20 years after getting its own Oscar category, animation is still an afterthought

This trio of nominees symbolized a battleground not only in animated cinema but also in American cinema of the early 2000s. Disney was the undisputed champion of the medium for decades and enjoyed a lavish renaissance in the 90s which has seen its critical and commercial influence grow to new heights. Jeffrey Katzenberg, former president of Walt Disney Studios from 1984 to 1994, was rebuffed by many in the company with the feeling that he was taking too much credit for films like ‘Beauty and the Beast’ and ‘La Petite Mermaid”. When Katzenberg didn’t get the promotion he was looking for, he left Disney and decided to top them by co-founding his own studio. DreamWorks SKG, which he created alongside David Geffen and Steven Spielberg, has made no secret of his desire to attack Disney. Katzenberg founded a new animation division and soon began recruiting major talent from Disney.

DreamWorks Animation went to work on lavish 2D titles like “The Prince of Egypt,” but also released Aardman’s “Chicken Run” and invested in 3D work, in part to keep up with Pixar. Indeed, their first computer-generated film, “Antz,” is such a blatant rip-off of “A Bug’s Life” that it was hard not to see Katzenberg’s work as a declaration of war against his former bosses. If that was too subtle for some, then 2001’s “Shrek” screamed their intent from the rooftops.

Loosely based on a novel by William Steig, “Shrek” was very important when it was released. Initially considered a non-priority for the company (Katzenberg was confident that ‘The Prince of Egypt’ would be nominated for Best Picture and animators who didn’t pull their weight on that film were ‘demoted’ to production” Shrek”), “Shrek” became the fourth highest-grossing film of the year. It premiered in competition at the Cannes Film Festival, the first animated film to do so since 1953. Critics loved it, too, with Entertainment Weekly’s Lisa Schwarzbaum calling it “a kind of palace stunt, a scream of challenge and a passage to adulthood”. for DreamWorks.” Virtually every reviewer noted that Shrek was a scathing parody of Disney, ruthlessly poking fun at Uncle Walt’s fairy tale tropes and immaculate society image, with a villain who looked a lot like to Disney CEO Michael Eisner and a name that sounded like “f**kwad.” It felt like a long overdue dismantling of the corporate powerhouse that had defined what family cinema should look like for generations and the public adored him.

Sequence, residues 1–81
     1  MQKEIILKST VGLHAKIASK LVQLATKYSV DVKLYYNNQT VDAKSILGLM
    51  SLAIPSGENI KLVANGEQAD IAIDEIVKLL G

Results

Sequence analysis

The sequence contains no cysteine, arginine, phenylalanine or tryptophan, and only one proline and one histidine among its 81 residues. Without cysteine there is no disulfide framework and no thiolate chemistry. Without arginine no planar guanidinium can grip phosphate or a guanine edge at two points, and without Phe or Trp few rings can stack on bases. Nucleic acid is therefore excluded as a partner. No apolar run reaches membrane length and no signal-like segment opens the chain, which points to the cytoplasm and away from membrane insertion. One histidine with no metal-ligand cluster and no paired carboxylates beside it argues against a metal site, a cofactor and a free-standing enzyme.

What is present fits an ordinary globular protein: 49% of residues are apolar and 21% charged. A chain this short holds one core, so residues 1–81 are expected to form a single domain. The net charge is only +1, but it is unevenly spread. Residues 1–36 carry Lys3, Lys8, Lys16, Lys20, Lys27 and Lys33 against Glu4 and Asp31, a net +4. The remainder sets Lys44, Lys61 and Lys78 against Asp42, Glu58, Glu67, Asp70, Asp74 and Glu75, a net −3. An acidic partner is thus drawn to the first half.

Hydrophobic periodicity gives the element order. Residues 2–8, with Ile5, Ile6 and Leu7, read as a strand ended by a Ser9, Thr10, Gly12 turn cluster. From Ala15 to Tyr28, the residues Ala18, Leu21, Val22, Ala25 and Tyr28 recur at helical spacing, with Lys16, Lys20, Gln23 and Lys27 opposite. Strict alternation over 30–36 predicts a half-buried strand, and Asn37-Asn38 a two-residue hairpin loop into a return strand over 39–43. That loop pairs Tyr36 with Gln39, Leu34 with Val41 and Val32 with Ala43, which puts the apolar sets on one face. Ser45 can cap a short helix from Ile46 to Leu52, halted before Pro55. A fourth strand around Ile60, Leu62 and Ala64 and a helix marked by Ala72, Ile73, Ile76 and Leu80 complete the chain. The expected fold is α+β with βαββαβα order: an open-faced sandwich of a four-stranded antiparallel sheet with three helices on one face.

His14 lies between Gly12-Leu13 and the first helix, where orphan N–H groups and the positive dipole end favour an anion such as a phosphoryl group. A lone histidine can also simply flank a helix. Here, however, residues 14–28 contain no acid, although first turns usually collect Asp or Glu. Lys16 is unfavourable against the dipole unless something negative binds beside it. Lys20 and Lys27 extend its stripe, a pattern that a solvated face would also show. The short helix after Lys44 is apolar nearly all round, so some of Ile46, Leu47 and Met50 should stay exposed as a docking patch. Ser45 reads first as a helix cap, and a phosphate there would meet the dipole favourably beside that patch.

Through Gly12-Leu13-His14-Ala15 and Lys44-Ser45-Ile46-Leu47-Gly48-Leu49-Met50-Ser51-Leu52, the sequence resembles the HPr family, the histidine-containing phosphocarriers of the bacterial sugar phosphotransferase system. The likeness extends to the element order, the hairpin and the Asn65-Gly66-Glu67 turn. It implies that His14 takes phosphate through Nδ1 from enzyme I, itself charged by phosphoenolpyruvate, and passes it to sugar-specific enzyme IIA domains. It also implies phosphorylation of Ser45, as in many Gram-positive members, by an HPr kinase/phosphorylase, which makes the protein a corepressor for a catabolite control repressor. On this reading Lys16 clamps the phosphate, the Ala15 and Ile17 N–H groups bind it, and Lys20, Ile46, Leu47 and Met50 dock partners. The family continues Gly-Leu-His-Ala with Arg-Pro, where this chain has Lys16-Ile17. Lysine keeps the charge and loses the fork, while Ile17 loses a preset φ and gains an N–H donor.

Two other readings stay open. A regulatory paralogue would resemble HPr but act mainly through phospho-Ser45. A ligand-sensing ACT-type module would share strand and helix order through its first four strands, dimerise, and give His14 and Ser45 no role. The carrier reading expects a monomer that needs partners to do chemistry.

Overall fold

Of course, “Monsters Inc.” was considered the best movie, a more sophisticated storytelling effort with Pixar pushing the boundaries of what 3D animation could do even further. It also made more money and cemented Pixar’s reputation as the true heirs to the Disney crown after that company suffered a decline in quality in the early 2000s. Still, it seemed inevitable that “Shrek” would fight for the Oscar. If the Academy had been hesitant to create an Oscar for Best Animated Feature for fear that Disney would win year after year, seeing “Shrek” take home the very first prize must have been a relief.